Empaths tend to be much more intuitive than the average person. They have a good sense of reading people and are intuitive to positive and negative energy. They may use subtle cues that help them determine if someone is being dishonest or if something feels off. An empath may rely on their intuition when making decisions.
Love of Nature
An empath often finds peace and comfort in nature. Nature in itself promotes a calming and relaxing environment, but empaths are more drawn to nature settings as their other heightened
senses are at ease. They may enjoy taking walks or hikes through nature trails or simply watching ocean waves crash along the beach.
Because empaths can sense and feel emotions of others they actively avoid confrontations. Mild disagreements can cause distress as empaths feel compelled to address others’ hurt. Their heightened sensitivity also makes it harder for empaths to cope with criticism and curt remarks from others.
People who are empathetic often ignore their own needs and tend to be more concerned with the well-being of others around them. They are naturally inclined to want to help and may actively take part in humanitarian projects. An empathetic person can also be described as compassionate.
Compassion can be confused with empathy as it relates to others’ feelings. It can actually encompass both sympathy and empathy. The difference is in your response. Taking an action as a result of that feeling you empathize or sympathize with to alleviate the suffering or pain of someone else. Expressing compassion is a deeper level from just understanding or sharing their feelings. It extends to anyone and not just someone you know.
If you look at the Latin roots for the term compassion it means ‘’to suffer with”. It may come in many forms. Being compassionate can be recognizing an ongoing problem in the world or in your community and taking actions to find a solution. It can be witnessing someone struggling to make ends meet and helping to alleviate their struggle through some course of action. It could also mean just listening and being present for someone who needs to talk without casting judgement or trying to offer a solution for them.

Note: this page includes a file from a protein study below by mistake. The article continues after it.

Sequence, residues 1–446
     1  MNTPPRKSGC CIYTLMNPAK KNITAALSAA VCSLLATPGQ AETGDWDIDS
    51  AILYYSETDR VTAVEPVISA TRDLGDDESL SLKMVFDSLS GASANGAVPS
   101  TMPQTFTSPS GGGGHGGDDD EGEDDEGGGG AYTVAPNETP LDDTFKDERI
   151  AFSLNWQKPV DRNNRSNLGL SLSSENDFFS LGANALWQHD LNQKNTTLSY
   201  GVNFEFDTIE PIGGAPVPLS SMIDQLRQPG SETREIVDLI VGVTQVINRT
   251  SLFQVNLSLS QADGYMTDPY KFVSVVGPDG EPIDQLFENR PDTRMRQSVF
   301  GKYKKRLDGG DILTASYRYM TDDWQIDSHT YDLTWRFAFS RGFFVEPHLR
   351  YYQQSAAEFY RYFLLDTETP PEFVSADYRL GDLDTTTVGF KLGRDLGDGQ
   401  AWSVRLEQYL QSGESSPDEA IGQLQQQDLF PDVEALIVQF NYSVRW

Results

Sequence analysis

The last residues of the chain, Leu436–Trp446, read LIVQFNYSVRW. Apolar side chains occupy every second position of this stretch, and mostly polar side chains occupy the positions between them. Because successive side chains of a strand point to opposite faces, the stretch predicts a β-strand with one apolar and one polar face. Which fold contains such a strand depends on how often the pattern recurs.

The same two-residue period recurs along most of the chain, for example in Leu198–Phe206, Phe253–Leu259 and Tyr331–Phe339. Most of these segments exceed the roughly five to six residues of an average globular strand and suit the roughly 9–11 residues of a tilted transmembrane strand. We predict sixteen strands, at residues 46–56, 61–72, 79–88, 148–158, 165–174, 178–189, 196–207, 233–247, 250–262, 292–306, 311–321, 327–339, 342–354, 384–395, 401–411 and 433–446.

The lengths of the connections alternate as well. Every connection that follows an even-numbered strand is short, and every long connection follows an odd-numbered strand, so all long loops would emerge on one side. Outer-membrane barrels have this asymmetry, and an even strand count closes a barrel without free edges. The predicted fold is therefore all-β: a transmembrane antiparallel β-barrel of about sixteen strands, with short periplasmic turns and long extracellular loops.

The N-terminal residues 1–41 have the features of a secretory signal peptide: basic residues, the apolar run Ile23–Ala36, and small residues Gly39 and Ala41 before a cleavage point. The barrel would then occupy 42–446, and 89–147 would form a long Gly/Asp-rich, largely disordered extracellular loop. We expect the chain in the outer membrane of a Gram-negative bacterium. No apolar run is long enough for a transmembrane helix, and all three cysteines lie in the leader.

Compassionate people see the world in a unique way. They gain perspective or view things in a new point of view as they envision themselves in someone else’s shoes. People with compassion are very aware of suffering and seek to relieve that suffering. This can sometimes become emotionally draining as they are not always able to alleviate everyone’s suffering.
There is a strong connection between sympathy vs empathy vs compassion as all three relate to our connection with others. Having empathy has been deemed a desirable quality when it comes to dealing with social interactions. The downside with empaths is they can experience empathic distress as a result from the intense sharing of another’s pain. This is when compassion can provide a crucial element in finding balance and combating empathetic distress. The ability to reach out and relieve someone’s pain can help avert the burnout many empaths experience. Someone may wish to be more compassionate for many reasons. The good news is it is a renewable resource which can be obtained from training through compassion cultivating programs.
There are great things you can gain by having any or all 3 of these traits. People who are capable of sympathy, empathy or compassion may do well in certain career paths that require those traits. People who share sympathy and compassion may be more drawn to jobs in helping others through health care such as nursing, caregivers, or therapists. An alternative route to health care that people with these traits may be comfortable in are areas of providing service.
For instance, empaths or sympathetic people may be more comfortable working in the less popular field of funeral service. Compassionate people tend to thrive in careers where they can effectively help others such as teaching or counseling. These traits can also fuel a desire to pursue a career path related to caring about the earth and animals such as animal rescue or veterinary medicine.
Finding a Healthy Balance
While the three can coincide successfully there may be conflicting characteristics between sympathy vs empathy vs compassion. Empathy and compassion are two affirming characteristics that can prove beneficial in relationships. They can also have negative impacts on your health and well-being. Establishing a healthy balance of these three can help avoid the adverse experiences that might accompany them.
Expressing sympathy, empathy or compassion demonstrates your sensitivity towards others’ feelings and emotions. Unfortunately it can also leave you vulnerable to manipulative behavior and become taken advantage of. Establish and create boundaries for others to avoid becoming a ‘push-over’. It’s important to set up personal expectations and communicate boundaries when it comes to interactions.
In communicating your expectations you must also establish accountability. Let it be known to others where you stand and hold them accountable. If you allow poor behavior from others it will not portray compassion in the long-run. Assess appropriate boundaries in which you are comfortable with and confident you can apply with close friends and family while maintaining concern to their needs.